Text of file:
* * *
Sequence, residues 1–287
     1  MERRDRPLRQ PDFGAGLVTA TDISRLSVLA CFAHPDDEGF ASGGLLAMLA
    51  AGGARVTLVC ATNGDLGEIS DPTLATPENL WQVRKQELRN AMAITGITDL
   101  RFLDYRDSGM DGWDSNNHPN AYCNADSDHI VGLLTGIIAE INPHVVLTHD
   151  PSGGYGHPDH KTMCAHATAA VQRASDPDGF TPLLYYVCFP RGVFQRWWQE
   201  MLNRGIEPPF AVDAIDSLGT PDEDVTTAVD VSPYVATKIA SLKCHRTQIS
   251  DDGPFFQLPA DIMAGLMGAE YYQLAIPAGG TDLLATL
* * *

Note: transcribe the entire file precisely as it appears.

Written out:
Sequence, residues 1–287
     1  MERRDRPLRQ PDFGAGLVTA TDISRLSVLA CFAHPDDEGF ASGGLLAMLA
    51  AGGARVTLVC ATNGDLGEIS DPTLATPENL WQVRKQELRN AMAITGITDL
   101  RFLDYRDSGM DGWDSNNHPN AYCNADSDHI VGLLTGIIAE INPHVVLTHD
   151  PSGGYGHPDH KTMCAHATAA VQRASDPDGF TPLLYYVCFP RGVFQRWWQE
   201  MLNRGIEPPF AVDAIDSLGT PDEDVTTAVD VSPYVATKIA SLKCHRTQIS
   251  DDGPFFQLPA DIMAGLMGAE YYQLAIPAGG TDLLATL